WPP warns against up-front discounts used by agencies to secure ad spend

WPP slams short-termnists up-front discounts used by agencies to secure ad spend

WPP has unveiled its preliminary results, posting a 26% rise in pre-tax profits and has slammed those agencies pursuing account wins "at any cost".

Commenting on wider trends in the industry, the holding group said in a statement to investors: "Competition is fierce and as image in trade magazines, in particular, is crucial to many, account wins at any cost are paramount."

The advertising giant said there has been several examples of major groups being prepared to offer clients up-front discounts "as an inducement to renew contracts," as well as "heavily reduced creative and media fees, extended payment terms, unlimited indirect liability for intellectual property liability and cash or pricing guarantees for media purchasing commitments".

The company pointed out to investors that the latter business practices were difficult for procurement departments to measure and monitor. "As some say, you are only as strong as your weakest competitor. These practices cannot last and will only result eventually in poor financial performance and further consolidation, the premium being on long-term profitable growth," added the network.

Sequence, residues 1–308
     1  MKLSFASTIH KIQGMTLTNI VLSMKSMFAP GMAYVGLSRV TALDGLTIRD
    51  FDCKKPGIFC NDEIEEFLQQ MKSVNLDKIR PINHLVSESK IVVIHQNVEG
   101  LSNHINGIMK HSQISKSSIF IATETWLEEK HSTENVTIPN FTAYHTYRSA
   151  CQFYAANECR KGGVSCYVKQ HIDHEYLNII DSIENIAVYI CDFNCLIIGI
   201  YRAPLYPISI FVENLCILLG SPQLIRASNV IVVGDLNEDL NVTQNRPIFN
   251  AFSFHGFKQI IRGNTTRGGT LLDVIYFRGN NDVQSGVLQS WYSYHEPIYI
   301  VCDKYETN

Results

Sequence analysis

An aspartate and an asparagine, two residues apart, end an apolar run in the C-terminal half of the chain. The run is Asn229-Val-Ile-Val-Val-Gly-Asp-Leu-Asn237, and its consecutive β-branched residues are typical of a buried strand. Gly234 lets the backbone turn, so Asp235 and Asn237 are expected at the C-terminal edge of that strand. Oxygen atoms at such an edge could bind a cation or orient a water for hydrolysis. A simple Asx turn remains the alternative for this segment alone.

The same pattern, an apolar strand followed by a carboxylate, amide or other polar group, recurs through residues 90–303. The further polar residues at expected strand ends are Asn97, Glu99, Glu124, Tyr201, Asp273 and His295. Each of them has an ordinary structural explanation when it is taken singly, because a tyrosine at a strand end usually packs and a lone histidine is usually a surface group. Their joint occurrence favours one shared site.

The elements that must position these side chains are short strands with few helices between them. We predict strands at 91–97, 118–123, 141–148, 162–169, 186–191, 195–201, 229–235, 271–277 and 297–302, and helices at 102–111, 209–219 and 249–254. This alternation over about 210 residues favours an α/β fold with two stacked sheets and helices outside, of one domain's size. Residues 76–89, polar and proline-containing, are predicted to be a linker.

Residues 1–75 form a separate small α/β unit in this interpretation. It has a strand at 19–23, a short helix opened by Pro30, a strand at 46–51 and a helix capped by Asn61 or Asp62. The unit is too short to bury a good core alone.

The comments from the Sorrell-fronted firm come on the back of increased scrutiny over the financial relationships between brands and agencies.

Last June, US trade body the Association of National Advertisers (ANA) published a damming 28-page report into the long-running issue of agency rebates, saying it had found evidence of "non-transparent business practices," including cash rebates in the US landscape.

At the time, the ANA encouraged clients to re-examine their existing media agency contracts, but advertising giants were quick to swipe back and deny any wrongdoing - WPP cautioned that the objectivity of the report's authors had to be "examined carefully", while Publicis Groupe called the allegations "short-sighted".

In January, an investigation from Business Insider claimed that some US media buying agencies were making settlements to clients to avoid being fully audited. The report cited "multiple sources with knowledge of the matter." The publisher explained that this wasn't to say the practice was pervasive across the industry but that "multiple, competitive agency groups had been drawing up settlement agreements".

Following the claims, WPP's media agency Group M said it hadn't been involved in the practices described, as did Publicis Groupe and IPG. Dentsu Aegis, Omnicom and Havas declined to comment on the allegations at the time.

According to its preliminary results, WPP noted a slowdown in revenues over the second half of the year in both the UK and the US. It still, however, experienced a rise in pre-tax profits to £1.8bn which it says was boosted by the post-Brexit devaluation of the pound on international currency markets and an acquisitions spree.

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